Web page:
I WAS ABLE to get a hold of Pocahontas’s People, Helen Rountree’s 1990 book on the Powhatan Indians of Virginia. This is a highly influential book, because in it she creates the narrative of the “Christianized Nansemond” (in reality, the extended Bass family), and the traditionalist Nansemond, also called the “Pochick.”
The link between the “Pochick Nansemond” and the “Christianized Nansemond” is rather key in establishing the link between the Native people of Hertford County and Norfolk County. For those who use surnames as tags, there was a definite flow of people between these sites. Names like Weaver, Hall, and Nickens, are found in both locations.
At the same time, I wanted to see the original source material on which Rountree based her narrative. In this 1707 deposition of local planter Benjamin Harrison, it is made clear that the Pochicks and the Nansemond are the same people.
I find this fascinating because it shows that Tuscarora were also in the Chowan River area in 1707. This is four years before the Tuscarora War. It gives the location of the last settlement of the Wyanoke Indians as being in the Blackwater Swamp. There is actually a place called Wyanoke in the general area of this last settlement. I have yet to visit it. I have been to the Sandbanks, just south of that area. It is wild and remote to this day. Apparently, it was the site of some pretty brutal turf wars among refugee Indians.
So here we have, in a 1707 document, information that shows that the Pochick and Nansemond were the same people. The Nansemond Indians of this region later had surnames like Turner and Rogers, the names found on the sale of their reservation in 1786. Recall that the name Turner was also found at Princess Anne County linked to the Poteskeet or Yeopim Indians. It’s these kinds of connections that show the real link between the Hertford and Norfolk Indians was between the “Pochick” and “Poteskeet.”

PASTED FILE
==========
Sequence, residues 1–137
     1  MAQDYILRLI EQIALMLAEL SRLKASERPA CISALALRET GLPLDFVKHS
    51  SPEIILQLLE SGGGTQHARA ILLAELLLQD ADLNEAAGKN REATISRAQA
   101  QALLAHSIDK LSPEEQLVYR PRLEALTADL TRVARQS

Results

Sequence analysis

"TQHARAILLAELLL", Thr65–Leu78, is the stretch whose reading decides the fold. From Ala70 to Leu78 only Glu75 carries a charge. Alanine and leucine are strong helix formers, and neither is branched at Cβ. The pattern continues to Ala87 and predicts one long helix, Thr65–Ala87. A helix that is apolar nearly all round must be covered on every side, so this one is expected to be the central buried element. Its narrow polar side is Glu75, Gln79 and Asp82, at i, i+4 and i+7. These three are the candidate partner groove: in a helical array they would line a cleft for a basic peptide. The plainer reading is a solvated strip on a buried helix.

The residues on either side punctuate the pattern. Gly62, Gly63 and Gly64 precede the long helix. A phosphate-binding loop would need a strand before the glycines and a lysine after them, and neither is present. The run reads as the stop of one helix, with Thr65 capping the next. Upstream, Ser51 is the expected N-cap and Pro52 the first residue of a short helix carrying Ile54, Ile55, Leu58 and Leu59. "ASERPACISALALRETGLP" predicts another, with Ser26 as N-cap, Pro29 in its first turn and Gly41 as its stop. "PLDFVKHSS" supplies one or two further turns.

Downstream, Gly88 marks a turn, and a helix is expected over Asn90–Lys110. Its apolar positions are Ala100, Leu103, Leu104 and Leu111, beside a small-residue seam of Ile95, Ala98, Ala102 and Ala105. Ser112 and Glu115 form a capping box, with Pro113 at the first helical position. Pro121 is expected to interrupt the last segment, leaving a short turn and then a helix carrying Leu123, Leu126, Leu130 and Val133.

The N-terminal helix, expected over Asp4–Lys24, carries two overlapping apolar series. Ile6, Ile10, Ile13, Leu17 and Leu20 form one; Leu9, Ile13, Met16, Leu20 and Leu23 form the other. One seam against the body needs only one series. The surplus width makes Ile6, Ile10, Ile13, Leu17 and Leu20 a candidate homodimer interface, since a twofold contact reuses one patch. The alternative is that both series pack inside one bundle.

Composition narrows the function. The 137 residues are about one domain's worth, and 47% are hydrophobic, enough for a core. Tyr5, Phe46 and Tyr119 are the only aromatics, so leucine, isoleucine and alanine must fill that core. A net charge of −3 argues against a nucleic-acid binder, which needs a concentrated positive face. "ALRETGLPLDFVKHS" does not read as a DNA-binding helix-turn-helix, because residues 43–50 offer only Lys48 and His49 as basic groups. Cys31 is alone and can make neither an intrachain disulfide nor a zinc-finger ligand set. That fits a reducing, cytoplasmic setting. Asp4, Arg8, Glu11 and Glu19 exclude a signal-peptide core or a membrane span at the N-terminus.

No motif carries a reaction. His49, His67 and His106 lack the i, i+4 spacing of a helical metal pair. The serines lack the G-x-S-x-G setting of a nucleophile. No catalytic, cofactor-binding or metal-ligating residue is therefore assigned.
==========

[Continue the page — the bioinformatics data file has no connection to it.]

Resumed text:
As such, one might claim that the Nansemond, Pochick, Poteskeet, and Yeopim, were all, more or less, the same group of Indians. They had also allied themselves with the Nottoway, Meherrin, and Tuscarora, which, as it seems, was a pretty smart thing to do. Unless you wanted to wind up like the Wyanoke. There was some more interesting information packed in those 1707 depositions related to the border question.
This is related to the incursion of the Meherrin Indians, Iroquoian speakers from Virginia, into the Meherrin River area. It states that that area where they settled, on the west bank of the Chowan River, “a long time before the memory of man … in ye right full possession of the Chowanohs Indians, by virtue of a grant from the Yampims Indians and no other Indians (as plainly appears by Successive Treaties of that nation).”
This shows that the Yeopim-Poteskeet-Pochick-Nansemond people had allowed the Chowanoke to settle in the river basin that to this day bears their name, at some point in the past. It lends a bit more evidence to my theory that the Yeopim & associated nations, were Wabanaki people, kin to the Wampanoag of Massachusetts and Abenaki of Maine, and originally settled this part of North Carolina and Virginia, and that the Chowanokes were actually Shawnee people who had arrived to the area at some later date.